Capitalism fails to collapse. What’s up with that? (Part II)

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Yes, we had a 777-point drop in the Dow industrials yesterday, but, as our colleague Jyoti Thottam reports, Asian markets trembled but for the most part held up today. She writes:

Japan’s Nikkei Index fell 4.1% on Sept. 30; after declining in early trading, stocks in China and Hong Kong eked out small gains. “The reaction was not as bad as I had feared,” says Dariusz Kowalcyzk, chief investment strategist of CFC Seymour, a boutique investment bank in Hong Kong.

Could all those people who flooded the House with phone calls against the bill be right? Could Armageddon not be around the corner? After all, consumer confidence is actually up, according to the Conference Board survey released today (which ran through Sept. 23). I’m looking at the TV, and the markets are up, too, with a bunch of bank stocks rallying.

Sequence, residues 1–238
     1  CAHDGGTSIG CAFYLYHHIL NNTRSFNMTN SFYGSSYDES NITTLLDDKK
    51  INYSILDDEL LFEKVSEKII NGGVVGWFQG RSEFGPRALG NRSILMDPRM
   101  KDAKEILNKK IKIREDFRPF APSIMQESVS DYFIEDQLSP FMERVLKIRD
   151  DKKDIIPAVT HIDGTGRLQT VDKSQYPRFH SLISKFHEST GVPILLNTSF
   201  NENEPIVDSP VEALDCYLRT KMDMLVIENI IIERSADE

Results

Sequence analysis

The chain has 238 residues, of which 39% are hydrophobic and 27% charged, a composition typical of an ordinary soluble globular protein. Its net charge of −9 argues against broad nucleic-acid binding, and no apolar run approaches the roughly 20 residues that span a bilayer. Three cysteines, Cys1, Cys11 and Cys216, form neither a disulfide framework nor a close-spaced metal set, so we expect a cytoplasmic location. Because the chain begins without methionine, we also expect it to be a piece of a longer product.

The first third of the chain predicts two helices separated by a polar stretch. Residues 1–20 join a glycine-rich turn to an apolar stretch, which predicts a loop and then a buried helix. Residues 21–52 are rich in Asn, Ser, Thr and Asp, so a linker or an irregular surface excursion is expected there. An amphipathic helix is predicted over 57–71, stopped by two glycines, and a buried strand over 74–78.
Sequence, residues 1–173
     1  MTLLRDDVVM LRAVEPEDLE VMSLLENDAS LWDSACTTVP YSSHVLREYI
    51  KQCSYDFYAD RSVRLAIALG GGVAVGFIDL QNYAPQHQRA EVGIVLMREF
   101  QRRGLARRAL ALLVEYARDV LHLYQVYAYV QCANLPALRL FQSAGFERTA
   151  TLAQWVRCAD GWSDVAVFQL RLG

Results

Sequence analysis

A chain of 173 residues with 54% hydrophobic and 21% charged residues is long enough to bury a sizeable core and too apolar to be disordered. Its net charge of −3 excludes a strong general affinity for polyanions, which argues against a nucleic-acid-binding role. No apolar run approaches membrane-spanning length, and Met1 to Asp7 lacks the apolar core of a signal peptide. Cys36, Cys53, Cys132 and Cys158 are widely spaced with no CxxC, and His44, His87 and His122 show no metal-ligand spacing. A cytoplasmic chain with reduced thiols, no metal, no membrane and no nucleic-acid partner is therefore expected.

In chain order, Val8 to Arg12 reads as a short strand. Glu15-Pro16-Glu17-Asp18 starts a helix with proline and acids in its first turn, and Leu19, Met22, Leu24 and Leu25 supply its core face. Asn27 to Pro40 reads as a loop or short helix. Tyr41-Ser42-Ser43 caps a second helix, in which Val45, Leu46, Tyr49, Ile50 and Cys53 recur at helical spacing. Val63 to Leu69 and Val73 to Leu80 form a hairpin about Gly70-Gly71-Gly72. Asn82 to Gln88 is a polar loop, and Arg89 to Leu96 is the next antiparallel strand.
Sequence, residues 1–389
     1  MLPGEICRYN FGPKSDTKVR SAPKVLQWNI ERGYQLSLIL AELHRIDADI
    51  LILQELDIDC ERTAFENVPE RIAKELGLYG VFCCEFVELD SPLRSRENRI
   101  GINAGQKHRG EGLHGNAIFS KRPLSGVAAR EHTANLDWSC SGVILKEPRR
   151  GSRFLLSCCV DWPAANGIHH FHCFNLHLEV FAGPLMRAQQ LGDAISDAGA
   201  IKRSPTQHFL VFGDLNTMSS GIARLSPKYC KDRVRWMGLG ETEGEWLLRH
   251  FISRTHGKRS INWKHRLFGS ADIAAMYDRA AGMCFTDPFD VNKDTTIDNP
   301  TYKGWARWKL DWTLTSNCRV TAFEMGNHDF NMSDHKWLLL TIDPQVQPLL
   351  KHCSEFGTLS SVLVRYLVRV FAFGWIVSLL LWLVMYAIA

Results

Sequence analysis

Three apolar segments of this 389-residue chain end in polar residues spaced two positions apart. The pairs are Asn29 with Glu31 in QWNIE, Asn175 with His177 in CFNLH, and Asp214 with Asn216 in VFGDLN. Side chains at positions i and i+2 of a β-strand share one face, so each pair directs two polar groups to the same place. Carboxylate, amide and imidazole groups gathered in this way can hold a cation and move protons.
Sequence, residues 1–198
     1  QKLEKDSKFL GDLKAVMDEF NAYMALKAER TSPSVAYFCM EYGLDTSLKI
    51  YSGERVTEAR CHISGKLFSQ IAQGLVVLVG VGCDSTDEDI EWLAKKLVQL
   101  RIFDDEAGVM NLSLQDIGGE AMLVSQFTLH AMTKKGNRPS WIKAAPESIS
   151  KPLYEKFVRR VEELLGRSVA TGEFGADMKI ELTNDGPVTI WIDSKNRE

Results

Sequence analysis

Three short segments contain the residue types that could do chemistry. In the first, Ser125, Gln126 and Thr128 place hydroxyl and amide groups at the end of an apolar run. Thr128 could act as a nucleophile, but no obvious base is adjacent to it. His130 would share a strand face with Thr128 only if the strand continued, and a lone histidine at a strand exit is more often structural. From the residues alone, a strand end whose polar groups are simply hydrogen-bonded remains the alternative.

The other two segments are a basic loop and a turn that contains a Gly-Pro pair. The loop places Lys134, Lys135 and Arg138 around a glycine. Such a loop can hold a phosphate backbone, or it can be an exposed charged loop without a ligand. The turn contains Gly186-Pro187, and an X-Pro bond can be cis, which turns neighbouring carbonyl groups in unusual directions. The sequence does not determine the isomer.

I’d encourage a little perspective. First of all, we’re already talking about the many ways Congress can step back in starting on Thursday and revive the bill. Maybe they’ll try for another vote in the House, maybe they’ll go to the Senate first this time. The point is, we still have options.

Second, this was never a stock market issue. Credit is still all locked up. Nothing doing there.

And finally, the stock market has a long reputation for being schizo. Let’s all pull out our Benjamin Graham and remember: “In the short run, the market is a voting machine, but in the long run it is a weighing machine.”